December 1997: Page 1, 2, 3, 4

Submitters Perspective

Page 2

Traits of Believers

Continued from page 1

Those who give to charity night and day, secretly and publicly, receive their recompense from their Lord; they will have nothing to fear, nor will they grieve. (2:274)

Impatience is a very common human tendency. We want everything immediately; we don’t want to wait. But God cautions us to develop patience. The phrase “be patient” occurs in the Quran 19 times. Clearly it’s something we need to observe, and that means we will have to work hard to overcome our natural inclination.

You shall resort to patience—and your patience is attainable only with God's help. (16:127)

How we can be unappreciative of all God has given us is a mystery. But we are. We can never encompass all the blessings from God; we can never be appreciative enough. But we have to try. We have to know that everything we receive, everything we attain, everything in the heavens and the earth is a gift from God. And God’s generosity is so great that He tells us if we show appreciation He will give us even more.

The more you thank Me, the more I give you. (14:7)

We reward those who are appreciative. (3:145)

You shall be appreciative of God. Whoever is appreciative is appreciative for his own good. (31:12)


Anger is an emotion that causes great difficulty. Any time a person feels wronged, he or she feels a need to get angry and get even. In Sura 42, God tells us how to react when we face what we consider an injustice. We must use our judgment depending on the circumstance, because God gives us the right to avenge a true injustice, but clearly patience and forgiveness are the preferred responses:

They avoid gross sins and vice, and when angered they forgive. When gross injustice befalls them, they stand up for their rights. Although the just requital for an injustice is an equivalent retribution, those who pardon and maintain righteousness are rewarded by God. He does not love the unjust. Certainly, those who stand up for their rights, when injustice befalls them, are not committing any error. Resorting to patience and forgiveness reflects a true strength of character. (42:37, 39-41,43)

And God is the one who cools our temper (94:1) and prevents us from carrying our anger to extremes. (48:24-25) God does not love the aggressors. (2:190)

Arrogance is a trait discouraged by God. It was the cause of Satan’s downfall and is a strong human failing.

Absolutely, God knows everything they conceal and everything they declare. He does not love those who are arrogant. (16:23)

We are reminded that all things come from God so we have no reason to be proud or smug.

Those who boast about their works, and wish to be praised for something they have not really done, should not think that they can evade the retribution. They have incurred a painful retribution. (3:188)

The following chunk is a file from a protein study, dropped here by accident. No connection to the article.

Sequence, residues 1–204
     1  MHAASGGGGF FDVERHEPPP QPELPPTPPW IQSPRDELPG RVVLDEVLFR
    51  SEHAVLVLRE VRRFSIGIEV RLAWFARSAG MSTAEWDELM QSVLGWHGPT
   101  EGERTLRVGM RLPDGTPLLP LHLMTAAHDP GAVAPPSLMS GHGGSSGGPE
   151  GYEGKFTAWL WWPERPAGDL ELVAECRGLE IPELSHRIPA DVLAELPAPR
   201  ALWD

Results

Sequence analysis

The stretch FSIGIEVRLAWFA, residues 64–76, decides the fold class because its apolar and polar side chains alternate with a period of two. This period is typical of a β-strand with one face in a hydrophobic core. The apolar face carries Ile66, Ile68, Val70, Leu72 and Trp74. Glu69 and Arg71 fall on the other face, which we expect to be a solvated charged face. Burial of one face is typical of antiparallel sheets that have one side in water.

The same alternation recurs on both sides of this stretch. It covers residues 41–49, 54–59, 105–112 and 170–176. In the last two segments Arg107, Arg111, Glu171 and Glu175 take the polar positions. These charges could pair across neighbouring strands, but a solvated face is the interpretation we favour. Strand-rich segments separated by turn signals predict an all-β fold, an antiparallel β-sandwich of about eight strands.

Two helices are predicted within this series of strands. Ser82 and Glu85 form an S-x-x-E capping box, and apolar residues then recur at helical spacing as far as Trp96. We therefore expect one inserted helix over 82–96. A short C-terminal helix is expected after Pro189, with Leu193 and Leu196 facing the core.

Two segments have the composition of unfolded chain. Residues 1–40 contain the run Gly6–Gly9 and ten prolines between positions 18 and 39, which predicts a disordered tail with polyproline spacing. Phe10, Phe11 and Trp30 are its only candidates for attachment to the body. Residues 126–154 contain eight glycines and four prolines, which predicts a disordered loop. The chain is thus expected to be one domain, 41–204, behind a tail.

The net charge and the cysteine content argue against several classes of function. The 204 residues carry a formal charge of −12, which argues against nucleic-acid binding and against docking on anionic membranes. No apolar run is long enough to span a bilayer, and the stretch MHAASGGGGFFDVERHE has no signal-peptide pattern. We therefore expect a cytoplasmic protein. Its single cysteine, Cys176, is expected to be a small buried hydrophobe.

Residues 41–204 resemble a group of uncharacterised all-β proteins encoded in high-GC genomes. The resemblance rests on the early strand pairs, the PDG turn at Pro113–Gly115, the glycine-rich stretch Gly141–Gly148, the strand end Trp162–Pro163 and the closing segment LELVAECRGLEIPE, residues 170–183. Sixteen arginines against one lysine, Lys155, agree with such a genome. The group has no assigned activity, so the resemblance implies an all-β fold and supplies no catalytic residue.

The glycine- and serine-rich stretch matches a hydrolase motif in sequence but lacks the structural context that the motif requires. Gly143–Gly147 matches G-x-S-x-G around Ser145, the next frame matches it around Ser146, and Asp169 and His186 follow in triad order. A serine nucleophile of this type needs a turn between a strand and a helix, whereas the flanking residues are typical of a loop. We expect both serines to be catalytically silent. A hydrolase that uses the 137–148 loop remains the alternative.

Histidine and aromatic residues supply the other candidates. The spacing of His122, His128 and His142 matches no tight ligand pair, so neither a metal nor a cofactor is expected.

Thus, you should not grieve over anything you miss, nor be proud of anything He has bestowed upon you. God does not love those who are boastful, proud. (57:23)

All of these negative traits are part of the test of being human. God has told us that He created us this way. That means that we will experience fear and impatience and anger. God knows that. Losing your temper or having a selfish moment is human. It’s inevitable and understandable. But we shouldn’t be satisfied with that behavior. We should strive to attain the characteristics that God reveals as traits of the believers. And when we fail, we need to repent and try harder. The more we try the more God supports us and the closer we come to being a righteous submitter.

You should eagerly race towards forgiveness from your Lord and a Paradise whose width encompasses the heavens and the earth; it awaits the righteous, who give to charity during the good times, as well as the bad times. They are suppressors of anger, and pardoners of the people. God loves the charitable. (3:133-4)

You shall advocate righteousness and forbid evil and remain steadfast in the face of adversity. These are the most honorable traits. (31:17)

Lydia Kelley


The Month of Fasting

Dec 30, 1997 — Jan 28, 1998

O you who believe, fasting is decreed for you, as it was decreed for those before you, that you may attain salvation. (2:183)

Ramadan is the month during which the Quran was revealed, providing guidance for the people, clear teachings, and the statute book. Those of you who witness this month shall fast therein.... (2:185)

The new moon timings to determine the month of Ramadan are as follow:

Dec 29, 1997 at 16:57 GMT (Greenwich Mean Time)

Jan 28, 1998 at 06:01 GMT

Therefore, the first day of Ramadan is Dec 30, 1997, and the last day of Ramadan is Jan 28, 1998.